Health Benefits of Vitamin C

Health Benefits of Vitamin C

  • Alleviation of Cardiovascular Disease and High Blood Pressure - Several studies support that consuming at least 500 mg a day of vitamin C can increase the amount blood vessels relax, or dilate, in a process known as vasodilation. This process is thought to help lower blood pressure, reducing risk of heart attack and other cardiovascular diseases.
  • Increased Immune Function - Vitamin C has a reputation for boosting immune function and possibly preventing incidence of the common cold. Repeated studies have show this is not true for the general population and the effect of vitamin C reducing the incidence of cold is mostly seen in those with a vitamin C deficiency, and in athletes under intense physical strain.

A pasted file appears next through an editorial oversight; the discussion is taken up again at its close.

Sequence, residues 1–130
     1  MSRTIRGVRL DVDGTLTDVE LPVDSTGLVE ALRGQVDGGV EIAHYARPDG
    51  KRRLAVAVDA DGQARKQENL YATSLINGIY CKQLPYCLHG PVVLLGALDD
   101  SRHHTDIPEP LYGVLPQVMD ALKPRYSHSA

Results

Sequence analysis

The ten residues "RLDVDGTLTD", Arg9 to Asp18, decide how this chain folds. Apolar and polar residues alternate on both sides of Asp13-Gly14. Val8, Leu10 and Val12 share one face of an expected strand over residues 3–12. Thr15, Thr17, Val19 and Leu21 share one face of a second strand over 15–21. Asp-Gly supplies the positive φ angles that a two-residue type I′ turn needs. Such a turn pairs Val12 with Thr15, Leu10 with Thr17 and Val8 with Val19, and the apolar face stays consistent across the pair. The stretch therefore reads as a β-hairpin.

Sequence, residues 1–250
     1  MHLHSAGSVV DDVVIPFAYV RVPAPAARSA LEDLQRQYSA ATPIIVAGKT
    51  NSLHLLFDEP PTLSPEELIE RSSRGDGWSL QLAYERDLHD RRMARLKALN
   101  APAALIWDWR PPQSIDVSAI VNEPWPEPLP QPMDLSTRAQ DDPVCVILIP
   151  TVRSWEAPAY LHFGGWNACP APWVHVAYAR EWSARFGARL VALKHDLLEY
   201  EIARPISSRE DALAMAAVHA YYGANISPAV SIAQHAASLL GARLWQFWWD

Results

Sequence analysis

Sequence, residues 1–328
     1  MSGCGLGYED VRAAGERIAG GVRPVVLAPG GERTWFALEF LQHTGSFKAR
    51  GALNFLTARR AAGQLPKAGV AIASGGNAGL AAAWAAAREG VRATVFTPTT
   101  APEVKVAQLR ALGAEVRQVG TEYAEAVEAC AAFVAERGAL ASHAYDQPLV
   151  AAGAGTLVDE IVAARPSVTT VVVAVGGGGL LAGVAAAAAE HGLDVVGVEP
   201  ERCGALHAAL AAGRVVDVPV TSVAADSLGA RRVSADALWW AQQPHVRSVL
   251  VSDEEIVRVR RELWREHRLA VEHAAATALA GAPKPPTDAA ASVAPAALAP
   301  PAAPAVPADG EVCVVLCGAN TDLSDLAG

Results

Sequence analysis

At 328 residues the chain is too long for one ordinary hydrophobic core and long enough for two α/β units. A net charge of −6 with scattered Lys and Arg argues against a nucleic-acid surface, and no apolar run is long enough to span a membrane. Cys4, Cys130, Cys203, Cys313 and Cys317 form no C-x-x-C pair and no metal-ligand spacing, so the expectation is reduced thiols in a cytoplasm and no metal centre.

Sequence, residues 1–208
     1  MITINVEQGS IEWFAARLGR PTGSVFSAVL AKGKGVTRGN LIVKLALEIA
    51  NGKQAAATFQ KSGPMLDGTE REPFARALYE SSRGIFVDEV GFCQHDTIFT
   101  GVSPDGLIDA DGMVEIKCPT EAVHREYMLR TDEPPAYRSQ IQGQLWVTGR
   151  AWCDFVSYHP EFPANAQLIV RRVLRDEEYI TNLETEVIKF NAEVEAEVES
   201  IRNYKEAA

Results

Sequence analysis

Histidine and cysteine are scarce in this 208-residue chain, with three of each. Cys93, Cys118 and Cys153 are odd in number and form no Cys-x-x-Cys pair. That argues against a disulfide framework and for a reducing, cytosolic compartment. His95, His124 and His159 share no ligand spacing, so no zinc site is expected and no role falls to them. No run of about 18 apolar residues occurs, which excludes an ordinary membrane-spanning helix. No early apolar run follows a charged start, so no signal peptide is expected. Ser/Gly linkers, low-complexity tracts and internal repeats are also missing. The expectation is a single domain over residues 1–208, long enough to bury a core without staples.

• Increased Iron Absorption - Vitamin C increases iron absorption, however, this should be noted with care, as too much vitamin C can lead to iron toxicity in certain individuals.

People at Risk of a Vitamin C Deficiency

  • Smokers and Passive Smokers - Studies show that smokers have lower levels of vitamin C in their blood than non-smokers, and this is thought to be due to increased oxidative stress. Similarly, those regularly exposed to passive smoke have lower levels of vitamin C in their blood. People in these groups are advised to consume more vitamin C, up to 35 mg (50%) more than non-smokers.
  • Infants given boiled or evaporated milk - Boiling or evaporating milk destroys any vitamin C it provides leaving infants deficient. However, most infant formulas come already fortified with vitamin C, check nutrition facts of a specific product to be sure.
  • People without varied diets - Vitamin C is found mainly in fresh fruits and vegetables. People who do not eat these foods or who do not vary their diet greatly are at risk of vitamin C deficiency.
  • People with mal-absorption or chronic diseases - People with mal-absorption diseases, like cachexia, are at increased risk of vitamin C deficiency. Other high risk groups include those with cancer, end-stage renal disease (kidney failure), or chronic hemo-dialysis.

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